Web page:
Take the 2-minute tour ×
Stack Overflow is a question and answer site for professional and enthusiast programmers. It's 100% free, no registration required.

I currently reference HttpContext in my models. Is this good practice? Should I just pass in information I need instead?

For example, in my model code:

public void function()
{
 string param = HttpContext.Current.Request.QueryString["param"];
 if(param == "myexpectations") { ...}
}

Should be changed to:

public void function(string param) //avoid hard reference this way??
{
 if(param == "myexpectations") { ...}
}
share|improve this question

1 Answer 1

up vote 1 down vote accepted

It is not good practice to reference HttpContext in your models. You don't want that kind of tight coupling between your model and HttpContext. It will make your model very difficult to test, among other things. I would definitely go with your second option.

If you are retrieving your query string values in an action method, you don't need to use HttpContext.Current.Request.QueryString. You can allow ASP.NET's binding mechanism to bind the query string values to parameters in your action method. E.g. If this is your URI:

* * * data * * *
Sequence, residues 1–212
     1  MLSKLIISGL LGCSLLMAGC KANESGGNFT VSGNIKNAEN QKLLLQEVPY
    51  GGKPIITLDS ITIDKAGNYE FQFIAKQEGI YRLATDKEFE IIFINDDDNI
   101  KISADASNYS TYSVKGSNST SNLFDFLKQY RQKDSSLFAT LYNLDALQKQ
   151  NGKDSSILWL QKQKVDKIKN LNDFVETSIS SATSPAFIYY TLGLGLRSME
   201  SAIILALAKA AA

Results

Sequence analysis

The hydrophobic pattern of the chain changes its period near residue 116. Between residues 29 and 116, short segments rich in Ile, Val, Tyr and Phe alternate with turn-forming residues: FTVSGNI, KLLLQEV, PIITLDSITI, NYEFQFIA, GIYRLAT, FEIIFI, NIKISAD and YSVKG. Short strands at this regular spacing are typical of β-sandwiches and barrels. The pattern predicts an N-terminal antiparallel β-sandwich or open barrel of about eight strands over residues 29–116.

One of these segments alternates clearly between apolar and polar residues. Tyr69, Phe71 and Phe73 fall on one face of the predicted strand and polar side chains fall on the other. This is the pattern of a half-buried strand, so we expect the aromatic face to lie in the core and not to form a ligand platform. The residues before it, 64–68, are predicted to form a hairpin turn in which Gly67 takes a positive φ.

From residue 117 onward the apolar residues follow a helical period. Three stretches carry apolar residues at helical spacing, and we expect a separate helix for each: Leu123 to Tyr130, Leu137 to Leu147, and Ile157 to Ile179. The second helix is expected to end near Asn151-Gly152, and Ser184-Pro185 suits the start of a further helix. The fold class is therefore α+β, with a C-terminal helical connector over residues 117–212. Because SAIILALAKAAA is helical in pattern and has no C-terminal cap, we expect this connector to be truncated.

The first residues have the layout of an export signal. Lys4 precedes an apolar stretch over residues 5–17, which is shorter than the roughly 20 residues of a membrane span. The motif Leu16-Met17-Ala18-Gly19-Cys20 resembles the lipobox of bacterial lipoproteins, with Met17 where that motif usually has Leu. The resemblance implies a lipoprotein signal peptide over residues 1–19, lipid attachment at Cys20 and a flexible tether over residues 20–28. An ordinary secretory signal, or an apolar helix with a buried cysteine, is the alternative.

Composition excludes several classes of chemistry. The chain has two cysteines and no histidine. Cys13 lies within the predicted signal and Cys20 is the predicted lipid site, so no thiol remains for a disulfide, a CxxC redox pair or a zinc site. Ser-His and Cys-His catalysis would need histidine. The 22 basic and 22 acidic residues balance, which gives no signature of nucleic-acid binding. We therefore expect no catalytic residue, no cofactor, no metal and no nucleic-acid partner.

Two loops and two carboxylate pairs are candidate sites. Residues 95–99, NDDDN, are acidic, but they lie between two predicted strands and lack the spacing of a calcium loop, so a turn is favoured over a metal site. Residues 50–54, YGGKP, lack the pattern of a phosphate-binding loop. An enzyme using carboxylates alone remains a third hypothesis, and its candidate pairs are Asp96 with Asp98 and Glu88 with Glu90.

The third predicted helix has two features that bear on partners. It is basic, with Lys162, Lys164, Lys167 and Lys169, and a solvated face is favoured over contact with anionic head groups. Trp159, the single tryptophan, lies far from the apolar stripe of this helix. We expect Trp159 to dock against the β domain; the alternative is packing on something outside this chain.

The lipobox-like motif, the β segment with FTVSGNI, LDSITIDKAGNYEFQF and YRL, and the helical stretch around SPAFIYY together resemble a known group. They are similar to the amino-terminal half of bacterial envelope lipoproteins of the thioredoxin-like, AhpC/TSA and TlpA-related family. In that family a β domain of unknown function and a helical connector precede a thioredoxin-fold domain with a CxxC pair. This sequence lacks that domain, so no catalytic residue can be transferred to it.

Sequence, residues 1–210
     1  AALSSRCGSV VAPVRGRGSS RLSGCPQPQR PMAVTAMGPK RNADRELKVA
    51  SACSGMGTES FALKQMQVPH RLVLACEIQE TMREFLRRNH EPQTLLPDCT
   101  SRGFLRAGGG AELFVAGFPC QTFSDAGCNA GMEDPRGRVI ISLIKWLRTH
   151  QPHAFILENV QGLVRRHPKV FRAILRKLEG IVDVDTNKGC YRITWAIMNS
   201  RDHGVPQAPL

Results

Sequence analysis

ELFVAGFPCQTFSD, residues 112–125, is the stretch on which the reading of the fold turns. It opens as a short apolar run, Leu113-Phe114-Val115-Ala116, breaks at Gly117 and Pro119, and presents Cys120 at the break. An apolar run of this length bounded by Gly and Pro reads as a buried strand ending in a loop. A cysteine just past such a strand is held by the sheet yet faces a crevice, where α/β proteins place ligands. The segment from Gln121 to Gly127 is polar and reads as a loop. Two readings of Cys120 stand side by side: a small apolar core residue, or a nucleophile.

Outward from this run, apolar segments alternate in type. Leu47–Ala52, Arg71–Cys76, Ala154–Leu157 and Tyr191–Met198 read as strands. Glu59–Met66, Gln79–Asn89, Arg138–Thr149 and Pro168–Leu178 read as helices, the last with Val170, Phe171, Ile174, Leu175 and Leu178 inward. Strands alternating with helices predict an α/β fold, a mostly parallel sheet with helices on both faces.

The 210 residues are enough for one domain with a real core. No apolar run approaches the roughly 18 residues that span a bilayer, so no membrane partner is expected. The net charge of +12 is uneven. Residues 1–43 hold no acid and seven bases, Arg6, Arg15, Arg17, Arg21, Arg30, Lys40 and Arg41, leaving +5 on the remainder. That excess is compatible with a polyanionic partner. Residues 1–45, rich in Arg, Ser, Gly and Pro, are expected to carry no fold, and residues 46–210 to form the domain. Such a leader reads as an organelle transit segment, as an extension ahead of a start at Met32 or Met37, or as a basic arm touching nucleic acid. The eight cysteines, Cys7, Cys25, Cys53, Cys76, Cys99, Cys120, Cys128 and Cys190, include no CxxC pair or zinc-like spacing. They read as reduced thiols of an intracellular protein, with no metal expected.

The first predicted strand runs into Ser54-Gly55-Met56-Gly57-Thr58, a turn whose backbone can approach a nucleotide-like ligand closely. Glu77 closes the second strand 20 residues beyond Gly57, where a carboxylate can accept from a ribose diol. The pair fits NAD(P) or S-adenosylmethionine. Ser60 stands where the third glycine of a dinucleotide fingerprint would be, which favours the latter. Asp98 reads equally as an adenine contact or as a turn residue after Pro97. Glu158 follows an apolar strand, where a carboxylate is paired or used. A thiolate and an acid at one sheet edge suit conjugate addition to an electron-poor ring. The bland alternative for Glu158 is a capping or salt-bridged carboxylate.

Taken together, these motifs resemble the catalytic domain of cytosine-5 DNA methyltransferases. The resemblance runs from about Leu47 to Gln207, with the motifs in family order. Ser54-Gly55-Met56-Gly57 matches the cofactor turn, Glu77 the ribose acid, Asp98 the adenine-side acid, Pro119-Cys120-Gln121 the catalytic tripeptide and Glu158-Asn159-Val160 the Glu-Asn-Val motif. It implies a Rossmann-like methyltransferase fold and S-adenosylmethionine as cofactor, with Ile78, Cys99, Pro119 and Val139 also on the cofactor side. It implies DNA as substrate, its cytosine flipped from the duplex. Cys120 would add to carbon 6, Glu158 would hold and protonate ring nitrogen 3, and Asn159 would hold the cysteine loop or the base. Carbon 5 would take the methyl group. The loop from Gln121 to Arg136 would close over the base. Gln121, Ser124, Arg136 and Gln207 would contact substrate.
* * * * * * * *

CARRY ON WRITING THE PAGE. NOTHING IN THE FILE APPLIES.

http://localhost/Home/TestQueryString?param=ThisIsATestValue

Assuming you have your routes set up correctly, you can create your controller and action like this and MVC will bind the query string value "ThisIsATestValue" to the paramater param.

public class HomeController : Controller
{
    public ActionResult TestQueryString(string param)
    {
        string fromHttpContext = HttpContext.Current.Request.QueryString["param"];

        // result will be set to true
        bool result = param == fromHttpContext;
        return new EmptyResult();
    }
}
share|improve this answer
    
Hi, can you please explain and provide a link to MVC bind? –  River Jul 18 '12 at 23:53
    
Sure, here is a great post explaining MVC model binding: msdn.microsoft.com/en-us/magazine/hh781022.aspx. I won't explain more here since there is a lot to it. The example I gave is a very brief example of using the Querystring Value Provider (see the link for more info). –  Kevin Aenmey Jul 19 '12 at 1:29

Your Answer

 
discard

By posting your answer, you agree to the privacy policy and terms of service.

Not the answer you're looking for? Browse other questions tagged or ask your own question.